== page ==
True, the city has lived through tough times, been crime ridden, filthy and forbidding. Yet, while there may still be shabbiness, and an almost inscrutable coastal mindset, Marseille is so much more.

A closer look reveals a modern metropolis being coiffed and buffed, and readied to don the mantle of European Capital of Culture 2013.

Most everywhere, there's building and refurbishing in train, with architects of international renown all but falling over themselves to etch their names in the city's ancient narrative (remember, the Greeks got the ball rolling here in 6000BC).

And so, instead of appearing like one colossal construction site, the vista is more akin to a city-size canvas being freshened.

Blighted by staggering unemployment since the French colonies folded, Marseille's fortunes have been recently reversed.

And this renewed economic vigour is evidenced in projects such as the Saint Charles Train station, a 19th-century building that's been impressively renovated and reinvented to capture the city's luminosity.

And Paris is closer than ever, a mere three hours away by high-speed train. Throw into the mix how cruise ship visitors have rocketed in recent years -- 800,000 last year alone (almost the city's own population) -- and you get an idea of how things are progressing.

With more than twice the ground area of Paris, it can easily big-bang, again and again into the future. And that's what's happening right now.

As France's oldest city and largest commercial port, it's got lofty ambitions to be one of Europe's major destinations, and be more than a mere a stop on the way to the Riviera.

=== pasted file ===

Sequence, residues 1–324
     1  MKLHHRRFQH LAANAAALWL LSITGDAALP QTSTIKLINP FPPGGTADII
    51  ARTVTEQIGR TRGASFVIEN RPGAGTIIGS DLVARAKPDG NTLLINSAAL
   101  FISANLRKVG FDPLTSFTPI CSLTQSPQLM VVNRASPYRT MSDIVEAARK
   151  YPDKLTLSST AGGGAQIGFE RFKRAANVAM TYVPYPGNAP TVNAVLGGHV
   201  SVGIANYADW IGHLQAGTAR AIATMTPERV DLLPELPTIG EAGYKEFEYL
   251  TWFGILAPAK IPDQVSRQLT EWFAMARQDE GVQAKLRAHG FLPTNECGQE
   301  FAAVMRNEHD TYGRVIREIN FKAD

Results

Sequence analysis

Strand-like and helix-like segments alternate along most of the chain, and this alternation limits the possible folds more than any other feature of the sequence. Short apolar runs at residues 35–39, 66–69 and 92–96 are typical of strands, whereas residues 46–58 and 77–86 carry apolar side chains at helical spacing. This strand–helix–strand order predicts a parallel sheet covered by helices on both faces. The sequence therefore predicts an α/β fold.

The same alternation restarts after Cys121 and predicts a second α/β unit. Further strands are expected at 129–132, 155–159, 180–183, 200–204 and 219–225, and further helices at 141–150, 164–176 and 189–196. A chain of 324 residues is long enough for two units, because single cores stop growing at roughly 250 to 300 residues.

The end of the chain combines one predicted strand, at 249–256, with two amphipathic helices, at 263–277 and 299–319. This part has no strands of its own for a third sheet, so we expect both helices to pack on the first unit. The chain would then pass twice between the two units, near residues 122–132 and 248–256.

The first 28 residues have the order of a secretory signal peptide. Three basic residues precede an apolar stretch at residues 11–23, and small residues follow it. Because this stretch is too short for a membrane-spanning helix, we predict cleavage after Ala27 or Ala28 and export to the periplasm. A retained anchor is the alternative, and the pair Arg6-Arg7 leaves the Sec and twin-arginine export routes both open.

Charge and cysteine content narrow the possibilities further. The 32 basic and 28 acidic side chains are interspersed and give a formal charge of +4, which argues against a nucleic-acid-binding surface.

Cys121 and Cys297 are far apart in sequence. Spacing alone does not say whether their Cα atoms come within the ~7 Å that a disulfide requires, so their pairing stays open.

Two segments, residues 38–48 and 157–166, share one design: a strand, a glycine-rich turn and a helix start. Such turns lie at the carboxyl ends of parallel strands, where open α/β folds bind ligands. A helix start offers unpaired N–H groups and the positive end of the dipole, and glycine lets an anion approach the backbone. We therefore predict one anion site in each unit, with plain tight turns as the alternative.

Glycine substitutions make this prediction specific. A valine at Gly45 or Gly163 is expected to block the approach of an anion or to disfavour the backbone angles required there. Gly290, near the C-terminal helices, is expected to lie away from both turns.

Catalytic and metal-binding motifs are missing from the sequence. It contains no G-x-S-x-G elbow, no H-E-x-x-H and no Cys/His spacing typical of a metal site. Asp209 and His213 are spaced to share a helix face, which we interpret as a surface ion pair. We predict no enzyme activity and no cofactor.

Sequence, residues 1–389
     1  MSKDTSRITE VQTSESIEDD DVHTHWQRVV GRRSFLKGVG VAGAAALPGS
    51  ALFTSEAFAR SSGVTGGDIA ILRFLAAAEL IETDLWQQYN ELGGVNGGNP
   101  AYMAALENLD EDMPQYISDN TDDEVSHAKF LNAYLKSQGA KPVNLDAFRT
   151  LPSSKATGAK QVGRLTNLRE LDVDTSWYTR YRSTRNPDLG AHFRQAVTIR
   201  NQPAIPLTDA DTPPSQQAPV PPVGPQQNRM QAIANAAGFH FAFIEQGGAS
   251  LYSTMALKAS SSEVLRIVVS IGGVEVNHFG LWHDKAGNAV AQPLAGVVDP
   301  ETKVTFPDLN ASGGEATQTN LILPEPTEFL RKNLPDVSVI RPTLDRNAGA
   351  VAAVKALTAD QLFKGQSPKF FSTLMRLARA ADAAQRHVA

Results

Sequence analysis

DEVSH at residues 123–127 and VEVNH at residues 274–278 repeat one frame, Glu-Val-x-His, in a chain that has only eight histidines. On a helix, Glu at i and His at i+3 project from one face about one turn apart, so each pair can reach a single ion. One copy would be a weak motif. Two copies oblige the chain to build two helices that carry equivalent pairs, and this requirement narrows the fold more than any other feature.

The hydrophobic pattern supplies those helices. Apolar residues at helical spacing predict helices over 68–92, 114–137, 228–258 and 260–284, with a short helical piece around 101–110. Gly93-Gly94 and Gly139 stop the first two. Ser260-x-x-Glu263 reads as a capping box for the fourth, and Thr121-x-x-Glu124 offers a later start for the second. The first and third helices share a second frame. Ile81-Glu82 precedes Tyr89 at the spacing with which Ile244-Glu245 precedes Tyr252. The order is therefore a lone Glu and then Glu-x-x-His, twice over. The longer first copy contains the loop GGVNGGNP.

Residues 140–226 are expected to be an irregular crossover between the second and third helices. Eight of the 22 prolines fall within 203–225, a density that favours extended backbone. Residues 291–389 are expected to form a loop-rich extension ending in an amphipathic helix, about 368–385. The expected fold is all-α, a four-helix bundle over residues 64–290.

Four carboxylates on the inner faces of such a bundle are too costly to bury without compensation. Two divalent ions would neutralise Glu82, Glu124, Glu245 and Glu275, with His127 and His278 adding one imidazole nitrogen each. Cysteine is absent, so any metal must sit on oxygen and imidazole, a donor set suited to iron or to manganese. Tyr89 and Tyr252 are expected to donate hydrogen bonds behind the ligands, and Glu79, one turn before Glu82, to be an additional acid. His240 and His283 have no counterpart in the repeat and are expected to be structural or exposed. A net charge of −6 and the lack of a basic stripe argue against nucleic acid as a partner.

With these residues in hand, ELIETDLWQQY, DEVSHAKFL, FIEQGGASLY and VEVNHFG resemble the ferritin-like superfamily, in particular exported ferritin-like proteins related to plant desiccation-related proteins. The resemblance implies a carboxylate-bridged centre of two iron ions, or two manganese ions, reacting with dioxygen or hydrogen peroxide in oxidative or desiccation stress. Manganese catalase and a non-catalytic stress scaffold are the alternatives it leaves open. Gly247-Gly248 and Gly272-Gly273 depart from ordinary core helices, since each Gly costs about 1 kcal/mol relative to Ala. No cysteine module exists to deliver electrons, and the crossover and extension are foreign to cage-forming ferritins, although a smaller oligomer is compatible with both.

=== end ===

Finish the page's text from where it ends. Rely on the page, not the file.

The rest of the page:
Descending from La Bonne Mere to La Corniche -- Marseille's coastal road -- I grabbed a city bike and took off pedalling.

As strips go, it was remarkably calmly driven. Passing by beaches and through villages, my journey entered wilder terrain, bordered by blanched, cracked rock, furnace-treated by Mother Nature, to the point of almost crumbling.

Sheer, sharp and pointed, yet strangely inviting, I spotted families, couples, even solo travellers, plant themselves randomly then disrobe and swim. Some just paddled, others snorkelled.

Before too long, Callelongue, a cluster of houses, signalled the end of the road and the start of the trek to the Calanques -- the legendary underwater canyons and their turquoise waters.

Returning to the city, as I wheeled across the bridge on Corniche Kennedy, a weather-worn sign wedged between roadside buildings caught my eye.

I dropped the bike and let the narrow gap lead me down its enchanting stone stair to a hodgepodge of fishermen's cottages below, wonderfully preserved in their original character.

Le Vallon des Auffes, with its kaleidoscopic collection of fishing boats and very own view of the world through the arched bridge above, steals hearts for fun.

You can simply perch yourself and watch the world go by, or tuck into a plate of bouillabaisse -- the local fish stew delicacy -- at Chez Jeannot restaurant. Either way, rest your weary limbs here.

Back in the city centre, walking along Le Cours Belsunce, I could hear the rhythmic glottal chug of North-African Arabic exchanges and exclamations on life.

Elsewhere, from the back streets of Le Panier (the oldest district) to Le Cours Julien (the arty part of town), my ears filled with the sounds of lips- smacking cheeks and unhindered conversations.

All part of Marseille's linguistic landscape. Intense, close quartered and so very human, with a distinct southern cadence, that's how Marseille rolls.

What may appear hostile at first -- banks of terraced seating, chock-full of coffee and pastis-sipping locals -- is anything but.

Just join in. And when you do, you'll have to be made of stone to fend off its charms. Chances are, it'll absorb you and you'll fall for the place.

I certainly did.